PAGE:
Blown on the Kenai Peninsula
Dominic Garcia’s journey with glass began with a glass bead torch gifted by his mother for Christmas 1998. A fateful accident left him immoble for a year, which became the perfect opportunity to begin his love affair with glassblowing. By 1999, Garcia was working with borosilicate and making pipes in California, and has spent the last 23 years working with glass art and pipes as he’s traveled around the world. Today he works from home on the Kenai, making glass that inspires him … whether it sells or not.
What inspired you to start working with glass?
When I was in junior high I collected beads of all types and started making clay beads, and I was always inspired by African trade beads made from glass. My mom got me a glass bead making torch for Christmas in 1998, but I didn’t start using it until I broke my leg. I had to move back home and I brought my bead stuff with me and it was a blessing in disguise. Because I broke my leg, I learned how to make glass beads and got really good at it – so when I moved back to California, I immediately got into glass blowing.
Did you start making pipes in California?
I started working with borosilicate glass around 1999 … making pipes and messing around with techniques – doing a little bit of pipe making and some artwork projects as well. I love making pipes, and I love not making pipes. They are really fun to make and I love that people get to use them to smoke with.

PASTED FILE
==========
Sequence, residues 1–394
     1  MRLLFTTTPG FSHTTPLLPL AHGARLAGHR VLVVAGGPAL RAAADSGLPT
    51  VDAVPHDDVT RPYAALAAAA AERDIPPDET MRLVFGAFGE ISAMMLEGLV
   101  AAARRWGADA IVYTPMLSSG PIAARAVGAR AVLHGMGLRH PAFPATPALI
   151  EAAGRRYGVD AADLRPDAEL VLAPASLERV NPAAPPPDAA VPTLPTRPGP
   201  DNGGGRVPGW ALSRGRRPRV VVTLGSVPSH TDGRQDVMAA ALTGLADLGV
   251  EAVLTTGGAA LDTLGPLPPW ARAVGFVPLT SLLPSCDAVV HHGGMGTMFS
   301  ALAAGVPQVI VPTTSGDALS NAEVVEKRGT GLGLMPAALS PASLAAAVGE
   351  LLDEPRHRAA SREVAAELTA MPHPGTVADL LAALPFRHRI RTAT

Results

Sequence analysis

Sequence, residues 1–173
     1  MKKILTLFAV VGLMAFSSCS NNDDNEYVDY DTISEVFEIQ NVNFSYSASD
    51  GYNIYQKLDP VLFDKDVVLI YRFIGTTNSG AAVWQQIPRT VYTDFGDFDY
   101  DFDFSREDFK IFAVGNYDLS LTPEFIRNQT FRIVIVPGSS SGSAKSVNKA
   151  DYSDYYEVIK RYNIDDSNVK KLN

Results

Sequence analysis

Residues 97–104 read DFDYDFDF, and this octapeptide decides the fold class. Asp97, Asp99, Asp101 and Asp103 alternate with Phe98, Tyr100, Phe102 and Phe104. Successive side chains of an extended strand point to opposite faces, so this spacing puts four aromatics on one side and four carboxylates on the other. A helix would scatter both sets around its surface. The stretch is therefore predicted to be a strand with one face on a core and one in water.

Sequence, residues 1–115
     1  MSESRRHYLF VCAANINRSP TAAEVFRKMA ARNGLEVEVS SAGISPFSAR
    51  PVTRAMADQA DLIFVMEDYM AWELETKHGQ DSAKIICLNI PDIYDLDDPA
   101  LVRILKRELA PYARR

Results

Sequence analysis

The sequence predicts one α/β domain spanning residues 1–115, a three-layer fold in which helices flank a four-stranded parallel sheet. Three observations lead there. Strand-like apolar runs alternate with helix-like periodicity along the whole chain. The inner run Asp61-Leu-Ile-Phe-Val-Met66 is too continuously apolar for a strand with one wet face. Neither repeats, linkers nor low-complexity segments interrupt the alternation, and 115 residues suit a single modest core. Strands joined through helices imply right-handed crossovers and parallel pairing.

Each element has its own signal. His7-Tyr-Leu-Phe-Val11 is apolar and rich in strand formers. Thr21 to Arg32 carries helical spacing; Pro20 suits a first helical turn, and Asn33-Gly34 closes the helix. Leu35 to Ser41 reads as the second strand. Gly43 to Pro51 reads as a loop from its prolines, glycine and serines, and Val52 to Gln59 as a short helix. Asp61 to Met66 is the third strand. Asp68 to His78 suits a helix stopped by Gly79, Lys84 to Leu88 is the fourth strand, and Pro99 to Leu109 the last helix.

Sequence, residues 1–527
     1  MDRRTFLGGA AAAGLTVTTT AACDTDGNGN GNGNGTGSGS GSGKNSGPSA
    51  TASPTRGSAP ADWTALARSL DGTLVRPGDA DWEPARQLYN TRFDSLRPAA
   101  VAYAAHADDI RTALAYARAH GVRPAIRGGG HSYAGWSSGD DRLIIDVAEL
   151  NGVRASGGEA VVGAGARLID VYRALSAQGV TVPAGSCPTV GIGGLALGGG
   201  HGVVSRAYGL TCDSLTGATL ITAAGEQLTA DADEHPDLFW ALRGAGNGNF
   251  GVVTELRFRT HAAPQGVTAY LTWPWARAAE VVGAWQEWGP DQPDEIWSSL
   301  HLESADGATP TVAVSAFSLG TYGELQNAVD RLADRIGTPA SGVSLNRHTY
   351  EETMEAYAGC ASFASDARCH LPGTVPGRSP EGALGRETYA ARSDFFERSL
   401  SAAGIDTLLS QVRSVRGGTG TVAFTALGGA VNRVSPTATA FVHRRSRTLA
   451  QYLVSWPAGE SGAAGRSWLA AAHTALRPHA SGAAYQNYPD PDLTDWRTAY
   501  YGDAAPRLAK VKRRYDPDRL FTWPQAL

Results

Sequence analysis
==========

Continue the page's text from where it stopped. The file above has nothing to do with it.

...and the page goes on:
What drives you as an artist to create new things?
Working with glass, whatever I can think of to try or achieve – I just go for it and see what happens. I’ve made so many different things: cups, seashells, sex toys, narwhals, beer tap handles … I even take broken pieces and scraps and make them into succulent planters. Cannabis helps with my creativity, or at least I feel like I have more creativity when I smoke. It helps me be a little more loose in my approach to things, and it helps with inspiration.
Do you like smoking from your own artwork?
Yes! It’s fun to use my pieces because the ones that don’t work out or have a flaw, I work to save for my use, even though I wouldn’t sell them. With glassblowing it’s not what you make the first time, it’s what you can fix – and being creative about how you fix a mistake is where a lot of the tricks are.
How can people buy a piece from you?
I don’t sell my work at stores and I’m not a production glass worker. I make what I like to make and if people appreciate the art, then we can connect. I’m happy to sit and focus on my work and let buyers come through social media or word of mouth. I like to experiment and play with glass to make new pieces of art constantly, and to make a creative, functional and fun product to the best of my ability!
Check out Dominic’s work on Facebook.